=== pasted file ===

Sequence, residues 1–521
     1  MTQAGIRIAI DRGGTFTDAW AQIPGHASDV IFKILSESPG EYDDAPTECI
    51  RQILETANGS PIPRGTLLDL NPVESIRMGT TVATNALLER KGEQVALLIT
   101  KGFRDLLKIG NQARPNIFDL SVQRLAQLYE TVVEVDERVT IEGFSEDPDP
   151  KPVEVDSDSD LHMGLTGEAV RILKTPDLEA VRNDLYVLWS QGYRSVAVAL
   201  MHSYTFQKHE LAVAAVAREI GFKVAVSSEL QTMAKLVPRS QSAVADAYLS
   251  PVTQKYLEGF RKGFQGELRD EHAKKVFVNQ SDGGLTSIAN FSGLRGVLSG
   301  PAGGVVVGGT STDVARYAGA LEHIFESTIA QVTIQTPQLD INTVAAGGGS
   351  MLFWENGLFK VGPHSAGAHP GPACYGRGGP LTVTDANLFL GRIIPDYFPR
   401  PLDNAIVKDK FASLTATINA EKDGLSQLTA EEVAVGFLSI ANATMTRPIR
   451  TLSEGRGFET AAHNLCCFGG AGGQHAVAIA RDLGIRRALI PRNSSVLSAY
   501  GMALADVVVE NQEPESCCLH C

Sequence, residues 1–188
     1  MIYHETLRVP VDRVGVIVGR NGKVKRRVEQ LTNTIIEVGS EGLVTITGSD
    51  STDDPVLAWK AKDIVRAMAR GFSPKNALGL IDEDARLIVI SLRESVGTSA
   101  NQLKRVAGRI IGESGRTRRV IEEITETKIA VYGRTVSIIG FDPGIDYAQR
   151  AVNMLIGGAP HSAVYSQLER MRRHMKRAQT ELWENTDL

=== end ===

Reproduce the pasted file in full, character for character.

Sequence, residues 1–521
     1  MTQAGIRIAI DRGGTFTDAW AQIPGHASDV IFKILSESPG EYDDAPTECI
    51  RQILETANGS PIPRGTLLDL NPVESIRMGT TVATNALLER KGEQVALLIT
   101  KGFRDLLKIG NQARPNIFDL SVQRLAQLYE TVVEVDERVT IEGFSEDPDP
   151  KPVEVDSDSD LHMGLTGEAV RILKTPDLEA VRNDLYVLWS QGYRSVAVAL
   201  MHSYTFQKHE LAVAAVAREI GFKVAVSSEL QTMAKLVPRS QSAVADAYLS
   251  PVTQKYLEGF RKGFQGELRD EHAKKVFVNQ SDGGLTSIAN FSGLRGVLSG
   301  PAGGVVVGGT STDVARYAGA LEHIFESTIA QVTIQTPQLD INTVAAGGGS
   351  MLFWENGLFK VGPHSAGAHP GPACYGRGGP LTVTDANLFL GRIIPDYFPR
   401  PLDNAIVKDK FASLTATINA EKDGLSQLTA EEVAVGFLSI ANATMTRPIR
   451  TLSEGRGFET AAHNLCCFGG AGGQHAVAIA RDLGIRRALI PRNSSVLSAY
   501  GMALADVVVE NQEPESCCLH C

Sequence, residues 1–188
     1  MIYHETLRVP VDRVGVIVGR NGKVKRRVEQ LTNTIIEVGS EGLVTITGSD
    51  STDDPVLAWK AKDIVRAMAR GFSPKNALGL IDEDARLIVI SLRESVGTSA
   101  NQLKRVAGRI IGESGRTRRV IEEITETKIA VYGRTVSIIG FDPGIDYAQR
   151  AVNMLIGGAP HSAVYSQLER MRRHMKRAQT ELWENTDL